Absolute Value Graphs
Date: 11/16/2002 at 18:20:27 From: Katherine Subject: Finding vertices with absolute value graphs My question is, how would you graph the inequalities: abs(x)+abs(y)is less than or equal to 5 abs(x)+abs(y)is greater than or equal to 2 So far, I've tried to put it into slope intercept form and I got: abs(y) = -abs(x)+5 abs(y) = -abs(x)+2 From there, I wasn't sure where I should graph it because I'm not sure what to do with both absolute values on each side of the equation. I need your help to figure out this equation, graph it, and find its vertices.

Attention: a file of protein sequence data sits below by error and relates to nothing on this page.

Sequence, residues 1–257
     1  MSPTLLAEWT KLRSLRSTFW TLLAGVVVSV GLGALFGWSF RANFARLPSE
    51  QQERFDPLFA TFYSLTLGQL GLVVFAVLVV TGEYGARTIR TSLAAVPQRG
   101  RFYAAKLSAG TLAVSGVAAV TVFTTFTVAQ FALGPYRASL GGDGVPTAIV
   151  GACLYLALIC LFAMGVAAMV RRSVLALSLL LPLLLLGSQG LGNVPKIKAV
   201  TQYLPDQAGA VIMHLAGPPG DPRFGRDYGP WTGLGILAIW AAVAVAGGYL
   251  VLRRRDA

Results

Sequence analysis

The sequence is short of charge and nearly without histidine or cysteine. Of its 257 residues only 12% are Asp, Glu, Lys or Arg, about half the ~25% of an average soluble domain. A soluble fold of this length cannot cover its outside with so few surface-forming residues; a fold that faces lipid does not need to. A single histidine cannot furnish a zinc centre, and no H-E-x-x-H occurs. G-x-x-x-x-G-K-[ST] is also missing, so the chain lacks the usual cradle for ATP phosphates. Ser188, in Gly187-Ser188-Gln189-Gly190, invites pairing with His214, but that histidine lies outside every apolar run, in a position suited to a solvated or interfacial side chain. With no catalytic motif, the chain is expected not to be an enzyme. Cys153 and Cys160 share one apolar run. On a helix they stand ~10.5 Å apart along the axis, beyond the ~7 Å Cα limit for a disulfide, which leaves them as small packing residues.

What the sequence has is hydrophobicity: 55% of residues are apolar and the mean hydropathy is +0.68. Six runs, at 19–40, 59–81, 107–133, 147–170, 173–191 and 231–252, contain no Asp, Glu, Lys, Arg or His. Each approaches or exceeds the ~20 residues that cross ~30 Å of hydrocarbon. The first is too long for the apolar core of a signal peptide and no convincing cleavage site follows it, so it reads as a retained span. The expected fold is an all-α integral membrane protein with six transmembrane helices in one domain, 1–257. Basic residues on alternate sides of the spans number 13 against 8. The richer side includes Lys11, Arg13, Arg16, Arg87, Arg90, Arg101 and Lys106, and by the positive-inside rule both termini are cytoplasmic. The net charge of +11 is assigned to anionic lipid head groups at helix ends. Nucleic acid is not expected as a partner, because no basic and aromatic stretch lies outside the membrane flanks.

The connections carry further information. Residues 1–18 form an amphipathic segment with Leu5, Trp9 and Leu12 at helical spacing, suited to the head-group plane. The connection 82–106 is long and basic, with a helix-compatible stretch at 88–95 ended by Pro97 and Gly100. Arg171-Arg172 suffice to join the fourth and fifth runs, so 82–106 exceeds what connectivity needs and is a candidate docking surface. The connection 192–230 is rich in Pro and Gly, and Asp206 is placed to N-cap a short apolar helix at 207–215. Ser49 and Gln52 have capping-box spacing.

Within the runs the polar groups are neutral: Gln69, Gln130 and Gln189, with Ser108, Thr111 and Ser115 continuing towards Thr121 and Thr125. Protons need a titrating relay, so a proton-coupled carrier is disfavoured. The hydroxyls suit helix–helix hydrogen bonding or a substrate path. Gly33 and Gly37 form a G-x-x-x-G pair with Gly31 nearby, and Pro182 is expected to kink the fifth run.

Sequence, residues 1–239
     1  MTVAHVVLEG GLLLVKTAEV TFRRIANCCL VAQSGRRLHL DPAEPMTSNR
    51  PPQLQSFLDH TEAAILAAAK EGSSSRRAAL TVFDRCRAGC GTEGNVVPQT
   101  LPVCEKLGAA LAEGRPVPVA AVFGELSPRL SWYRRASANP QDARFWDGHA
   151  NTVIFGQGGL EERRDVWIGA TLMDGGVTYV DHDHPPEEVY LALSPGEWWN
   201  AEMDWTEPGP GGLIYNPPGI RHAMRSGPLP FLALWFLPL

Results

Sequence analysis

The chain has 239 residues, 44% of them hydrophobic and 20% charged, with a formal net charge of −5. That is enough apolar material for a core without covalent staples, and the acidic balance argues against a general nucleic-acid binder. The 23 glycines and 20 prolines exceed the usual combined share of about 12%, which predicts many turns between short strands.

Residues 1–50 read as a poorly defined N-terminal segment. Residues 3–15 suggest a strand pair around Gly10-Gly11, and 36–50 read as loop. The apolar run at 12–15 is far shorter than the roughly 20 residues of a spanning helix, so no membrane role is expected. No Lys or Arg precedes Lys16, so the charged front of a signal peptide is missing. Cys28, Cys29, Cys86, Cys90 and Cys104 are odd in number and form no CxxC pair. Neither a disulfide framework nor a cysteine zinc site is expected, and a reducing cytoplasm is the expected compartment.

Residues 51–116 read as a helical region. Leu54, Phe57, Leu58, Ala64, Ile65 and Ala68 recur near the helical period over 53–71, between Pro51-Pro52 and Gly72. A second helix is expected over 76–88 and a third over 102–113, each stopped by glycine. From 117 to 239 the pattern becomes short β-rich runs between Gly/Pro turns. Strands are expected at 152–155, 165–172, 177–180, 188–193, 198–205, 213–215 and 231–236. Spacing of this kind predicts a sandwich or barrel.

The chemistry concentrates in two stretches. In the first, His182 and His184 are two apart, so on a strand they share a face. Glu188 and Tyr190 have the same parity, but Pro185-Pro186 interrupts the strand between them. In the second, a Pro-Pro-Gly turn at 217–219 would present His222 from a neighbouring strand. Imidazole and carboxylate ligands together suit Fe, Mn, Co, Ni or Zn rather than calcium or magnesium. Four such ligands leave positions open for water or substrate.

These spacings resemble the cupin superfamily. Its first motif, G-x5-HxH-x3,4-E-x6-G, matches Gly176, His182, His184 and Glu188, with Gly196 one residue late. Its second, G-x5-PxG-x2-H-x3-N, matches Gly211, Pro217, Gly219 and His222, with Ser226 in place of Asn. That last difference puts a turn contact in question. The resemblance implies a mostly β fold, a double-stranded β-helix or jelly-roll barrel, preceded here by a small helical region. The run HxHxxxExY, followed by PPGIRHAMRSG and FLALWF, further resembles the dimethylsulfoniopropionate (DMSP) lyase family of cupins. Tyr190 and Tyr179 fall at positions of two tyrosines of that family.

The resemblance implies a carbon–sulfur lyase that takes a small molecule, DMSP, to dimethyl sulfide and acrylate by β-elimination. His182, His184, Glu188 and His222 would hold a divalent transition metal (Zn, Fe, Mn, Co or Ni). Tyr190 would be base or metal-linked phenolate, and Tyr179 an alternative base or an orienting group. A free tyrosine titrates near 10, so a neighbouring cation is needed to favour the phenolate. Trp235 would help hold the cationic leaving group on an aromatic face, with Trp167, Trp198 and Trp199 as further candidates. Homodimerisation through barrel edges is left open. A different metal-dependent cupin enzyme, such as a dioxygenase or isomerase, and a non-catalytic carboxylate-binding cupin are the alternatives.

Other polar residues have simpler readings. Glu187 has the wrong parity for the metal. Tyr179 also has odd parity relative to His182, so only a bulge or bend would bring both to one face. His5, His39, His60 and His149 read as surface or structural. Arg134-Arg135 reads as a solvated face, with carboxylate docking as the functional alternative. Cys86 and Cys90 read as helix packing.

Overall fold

Date: 11/16/2002 at 21:14:38 From: Doctor Greenie Subject: Re: Finding vertices with absolute value graphs Hi, Katherine - You ask how I would draw this graph. First I will give you an answer that will do you no good: Since I have done hundreds of problems like this, I simply know what the graph is going to look like, so I just draw it. Perhaps after doing a few problems like this, you too will be able to have enough of an understanding of what's happening with graphs like this to do the same sort of thing. But for now, you are just learning - so let's take it slow and look at all the steps. For a student just learning how to do problems like this, the safest way is to break each absolute value down into cases depending on whether the quantity inside the absolute value is positive. Then remember that if a quantity is greater than or equal to 0, then its absolute value is that same quantity; if a quantity is less than 0, then its absolute value is the opposite of that quantity For a simple example: 2 >= 0, so |2| = 2 -2 < 0, so |-2| = -(-2) = 2 Let's look now at the first of your problems: graph |x| + |y| <= 5 Both x and y can be either positive or negative; so we have four possibilities: (1) x>0 and y>0 (2) x<0 and y>0 (3) x<0 and y<0 (4) x>0 and y<0 I purposely chose to number the four cases in this way, because then case (1) is in the 1st quadrant, case (2) is in the 2nd quadrant, case (3) is in the 3rd quadrant, and case (4) is in the 4th quadrant. So we have four cases to consider when we go to graph this inequality: (1) 1st quadrant; x>0 and y>0, so |x| = x and |y| = y, so the inequality is x+y <= 5 y <= -x+5 (2) 2nd quadrant; x<0 and y>0, so |x| = -x and |y| = y, so the inequality is -x+y <= 5 y <= x+5 (3) 3rd quadrant; x<0 and y<0, so |x| = -x and |y| = -y, so the inequality is -x-y <= 5 -x-5 <= y y >= -x-5 (4) 4th quadrant; x>0 and y<0, so |x| = x and |y| = -y, so the inequality is x-y <= 5 x-5 <= y y >= x-5 If you graph these respective lines in the respective quadrants, you will find the boundary lines for the solution set are the sides of the square whose vertices are (5,0), (0,5), (-5,0), and (0,-5). Furthermore, in the 1st and 2nd quadrants the solution set lies on or below the boundary lines, while in the 3rd and 4th quadrants the solution set lies on or above the boundary lines. So the complete solution set for the inequality is the square and all points inside the square. There is another way of thinking about absolute values that makes it easy to graph this inequality. If you are lucky, at some point in your math education one of your teachers will spend some time talking about this alternative interpretation of absolute value. In this alternate interpretation, we think of |a-b| as the "distance between a and b." For example, if a is 10 and b is 3, then a-b is 7 and b-a is -7; but the distance between a and b is 7 and the distance between b and a is 7. So |a-b| and |b-a| are both equal to 7. With this interpretation of absolute values, "|x|" is the same as "|x-0|" so |x| is the distance from 0. And similarly, |y| is the distance from 0. So when we write the inequality |x|+|y| <= 5 we are talking about all the points (x,y) for which "(the distance of x from 0) + (the distance of y from 0)" is less than or equal to 5. If you think of that interpretation, you can perhaps see why the graph turns out to be the boundary and interior of the square with vertices (5,0), (0,5), (-5,0), and (0,-5). This interpretation is, in fact, why I stated at the beginining of my response that I could sketch the graph of this inequality with very little effort. But note again that I wouldn't expect a beginning student to be able to do that; however, with a little practice and some understanding of this type of problem, you may soon be able to answer a problem like this that easily. Finally, note that I have only graphed one of the two inequalities in your problem. The other inequality will have as its graph all the points either on the boundary or OUTSIDE the square with vertices (2,0), (0,2), (-2,0), and (0,-2). The points outside the square will be in the solution set because this inequality is "greater than or equal to" 2. So the solution set to the entire problem is all the points that are both inside the large square and outside the small square, or on the boundary of either square. I hope all this helps. Please write back if you have any further questions about this. - Doctor Greenie, The Math Forum http://mathforum.org/dr.math/
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